Writer: Marc Stirdivant, based on the novel by The Game of X Robert Sheckley
Cast: Michael Crawford, Oliver Reed, Barbara Carrera, James Hampton, Jean-Pierre Kalfon, Dana Elcar, Vernon Dobtcheff, Robert Arden
Plot: Comic book creator Woody Wilkins (Michael Crawford) is about to debut his new superhero: Condorman. Woody insists on authenticity in his character, though, and travels to Paris to test the gadgets he designed for the comic. His friend Harry (Oliver Reed), a CIA file clerk, asks him to carry out a special delivery for which a civilian has been requested. The over-enthusiastic Harry goes too far trying to impress his beautiful contact Natalia (Barbara Carrera), who is actually a KGB operative. Natalia returns to Moscow where her superior and lover Krokov (Oliver Reed) treats her cruelly. She decides to defect, and requests the agent known as “Condorman” be sent to retrieve her. Woody agrees to the mission, provided the CIA fabricate the rest of his comic book designs so he can test them in the field. Woody, Natalia and Harry are soon pursued by Krokov in a race across Europe to bring the beautiful spy to safety.
Thoughts: There is always a danger, when you go back and watch a movie or TV show you loved as a kid, that it simply won’t hold up. We’ve all been disappointed as adults, looking back and realizing things like the old Masters of the Universe TV show really wasn’t very good, or wondering how in the hell we were ever able to sit through Mac and Me more than once. Still, my fiancé Erin managed to secure a copy of this movie after she heard me mention how much I loved it back in the 80s, and I recently managed to find the time to watch it again for the first time in at least 20 years.
Condorman comes from the Disney company during that long stretch in the 70s and 80s when the company simply didn’t know what it was supposed to be anymore. After Walt Disney’s death in 1966, the company coasted on projects he’d already put in the works for a few years, then started to flounder, trying to figure out a direction now that its founder was gone. This film is the perfect example of that. The studio tried to simultaneously capitalize on the popularity of superheroes (thanks to the Christopher Reeve Superman franchise) and James Bond-style spy thrillers, while at the same time creating the sort of family friendly comedy that Disney’s live action properties were expected to be. The result is a film that fails to live up to the standards of any of the three.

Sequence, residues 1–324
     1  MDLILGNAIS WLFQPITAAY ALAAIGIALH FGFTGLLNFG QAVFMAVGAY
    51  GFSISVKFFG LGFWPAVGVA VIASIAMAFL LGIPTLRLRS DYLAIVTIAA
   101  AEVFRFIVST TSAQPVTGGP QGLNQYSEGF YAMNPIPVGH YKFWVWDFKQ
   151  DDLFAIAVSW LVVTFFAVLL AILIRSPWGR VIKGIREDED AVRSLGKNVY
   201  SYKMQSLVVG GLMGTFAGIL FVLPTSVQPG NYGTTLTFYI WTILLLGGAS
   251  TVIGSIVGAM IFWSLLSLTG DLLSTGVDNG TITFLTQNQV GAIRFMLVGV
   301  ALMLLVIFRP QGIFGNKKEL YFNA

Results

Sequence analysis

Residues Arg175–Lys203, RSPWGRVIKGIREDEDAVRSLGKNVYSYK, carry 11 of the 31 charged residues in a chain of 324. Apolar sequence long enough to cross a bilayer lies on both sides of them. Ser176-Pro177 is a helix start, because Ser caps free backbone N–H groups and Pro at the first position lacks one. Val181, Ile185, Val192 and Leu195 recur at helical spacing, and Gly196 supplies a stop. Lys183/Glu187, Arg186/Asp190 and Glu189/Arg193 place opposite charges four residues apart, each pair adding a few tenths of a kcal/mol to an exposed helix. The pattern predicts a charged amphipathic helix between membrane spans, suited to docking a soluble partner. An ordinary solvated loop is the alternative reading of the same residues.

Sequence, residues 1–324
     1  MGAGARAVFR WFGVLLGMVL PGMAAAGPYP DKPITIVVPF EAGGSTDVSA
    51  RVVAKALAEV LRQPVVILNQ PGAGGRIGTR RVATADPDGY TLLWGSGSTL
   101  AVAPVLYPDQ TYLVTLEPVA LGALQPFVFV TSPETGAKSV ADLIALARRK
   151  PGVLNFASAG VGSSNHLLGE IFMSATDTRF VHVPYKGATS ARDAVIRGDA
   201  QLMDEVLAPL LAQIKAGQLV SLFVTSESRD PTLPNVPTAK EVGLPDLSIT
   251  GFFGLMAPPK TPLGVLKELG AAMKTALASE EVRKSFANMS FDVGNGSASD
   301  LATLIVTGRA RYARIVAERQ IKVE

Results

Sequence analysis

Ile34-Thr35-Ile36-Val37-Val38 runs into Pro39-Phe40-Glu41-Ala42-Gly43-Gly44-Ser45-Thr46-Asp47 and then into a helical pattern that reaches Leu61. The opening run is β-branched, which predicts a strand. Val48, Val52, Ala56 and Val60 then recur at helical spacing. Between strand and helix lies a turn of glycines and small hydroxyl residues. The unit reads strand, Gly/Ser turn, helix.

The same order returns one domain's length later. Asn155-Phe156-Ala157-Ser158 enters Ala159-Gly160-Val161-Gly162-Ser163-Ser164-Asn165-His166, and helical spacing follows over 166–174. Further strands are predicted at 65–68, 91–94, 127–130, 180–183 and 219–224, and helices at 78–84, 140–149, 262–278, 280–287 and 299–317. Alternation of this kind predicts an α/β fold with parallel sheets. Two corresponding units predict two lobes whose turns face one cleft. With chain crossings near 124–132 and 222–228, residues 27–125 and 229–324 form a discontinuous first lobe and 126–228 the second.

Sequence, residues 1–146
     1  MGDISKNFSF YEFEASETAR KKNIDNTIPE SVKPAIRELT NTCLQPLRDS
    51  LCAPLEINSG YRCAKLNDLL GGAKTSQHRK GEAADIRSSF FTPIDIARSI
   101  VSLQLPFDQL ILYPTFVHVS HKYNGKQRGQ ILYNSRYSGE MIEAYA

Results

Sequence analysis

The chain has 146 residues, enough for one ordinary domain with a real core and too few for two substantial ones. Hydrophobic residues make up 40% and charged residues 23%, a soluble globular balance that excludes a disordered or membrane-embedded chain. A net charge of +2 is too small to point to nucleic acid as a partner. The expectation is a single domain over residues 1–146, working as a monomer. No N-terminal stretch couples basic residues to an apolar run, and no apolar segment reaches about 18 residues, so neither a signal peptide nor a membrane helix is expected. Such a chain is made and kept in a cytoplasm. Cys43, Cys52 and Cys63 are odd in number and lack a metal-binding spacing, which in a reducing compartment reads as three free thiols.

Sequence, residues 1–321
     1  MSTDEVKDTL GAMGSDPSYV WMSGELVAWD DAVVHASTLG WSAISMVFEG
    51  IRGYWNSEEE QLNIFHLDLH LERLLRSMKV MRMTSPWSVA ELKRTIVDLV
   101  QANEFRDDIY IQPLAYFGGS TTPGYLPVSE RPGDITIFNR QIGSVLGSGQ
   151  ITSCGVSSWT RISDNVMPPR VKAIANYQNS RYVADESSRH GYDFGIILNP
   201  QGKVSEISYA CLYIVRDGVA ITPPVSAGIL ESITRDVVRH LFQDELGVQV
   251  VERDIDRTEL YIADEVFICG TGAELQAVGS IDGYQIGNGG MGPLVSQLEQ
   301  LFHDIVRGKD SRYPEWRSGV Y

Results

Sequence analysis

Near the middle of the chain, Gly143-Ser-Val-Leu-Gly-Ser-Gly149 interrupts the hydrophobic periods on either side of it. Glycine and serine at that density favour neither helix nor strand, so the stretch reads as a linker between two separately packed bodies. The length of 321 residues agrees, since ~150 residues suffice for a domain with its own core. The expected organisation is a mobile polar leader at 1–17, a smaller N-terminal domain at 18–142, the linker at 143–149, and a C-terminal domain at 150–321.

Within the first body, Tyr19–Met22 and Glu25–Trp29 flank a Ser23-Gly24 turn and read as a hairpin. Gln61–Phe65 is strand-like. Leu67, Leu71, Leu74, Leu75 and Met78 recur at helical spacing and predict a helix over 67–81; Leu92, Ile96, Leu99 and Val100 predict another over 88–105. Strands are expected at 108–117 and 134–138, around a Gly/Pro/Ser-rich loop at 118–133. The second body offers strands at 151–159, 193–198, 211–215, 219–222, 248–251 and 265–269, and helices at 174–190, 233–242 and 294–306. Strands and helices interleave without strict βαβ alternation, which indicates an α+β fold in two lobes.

That’s not to say the film is terrible. I mean… it kind of is, but at the same time, there’s something about it that still entertains me. Michael Crawford is chewing the scenery so much you expect him to blow a bubble, and James Hampton plays the same sort of big-smiling best buddy he is in most of his work. In fact, if you told me his character in this film retired from the CIA and returned to the states so he could raise his son properly before the family’s werewolf curse made itself known, I wouldn’t think you were that crazy. Just in terms of performance, Barbara Carrera and Oliver Reed are the ones that actually do the most acting. Carrera in particular is fun to watch, putting out a sort of Disney-friendly sensuality that you didn’t get to see often. In essence, she’s a G-rated Bond Girl, which is exactly what the script required her to be. (She would get another chance to be an sort-of Bond girl two years later in the infamous non-canon Sean Connery Bond film Never Say Never Again.)
The concept here is actually perfectly sound – a goofy, good-hearted man leaps at the chance for a little adventure and to test out the toys he’s only, until now, created on paper. It’s the execution that falls flat. The flying scenes are pretty uniformly terrible, with weak bluescreen effects and sometimes even visible cables. The rest of the tech is a bit more acceptable; the “Condormobile” in particular has a cool design and neat gadgets, and I can forgive the 80s-era computer display on the inside. Truth be told, to this day I occasionally fantasize about having a switch in my car that would allow me to blow off the outer shell and reveal a super-sleek high-speed sports car underneath. (These fantasies are usually prompted by sitting in traffic.)
I don’t want you to misunderstand me, guys. This is not a good movie. In fact, if the guys from RiffTrax could somehow get Disney to allow them to do a Video on Demand riff of this, I think it could be one of their greatest productions ever. But despite its cheese, this is one of those rare films from my past that I can look back on and still kind of love, warts and all. I can’t explain it, and I don’t feel the need to defend it. It’s silly, it’s crazy, it’s goofy…. And that’s why I like it.
The first Reel to Reel study, Mutants, Monsters and Madmen, is now available as a $2.99 eBook in the Amazon Kindle store and Smashwords.com bookstore. And you can find links to all of my novels, collections, and short stories, in their assorted print, eBook and audio forms, at the Now Available page!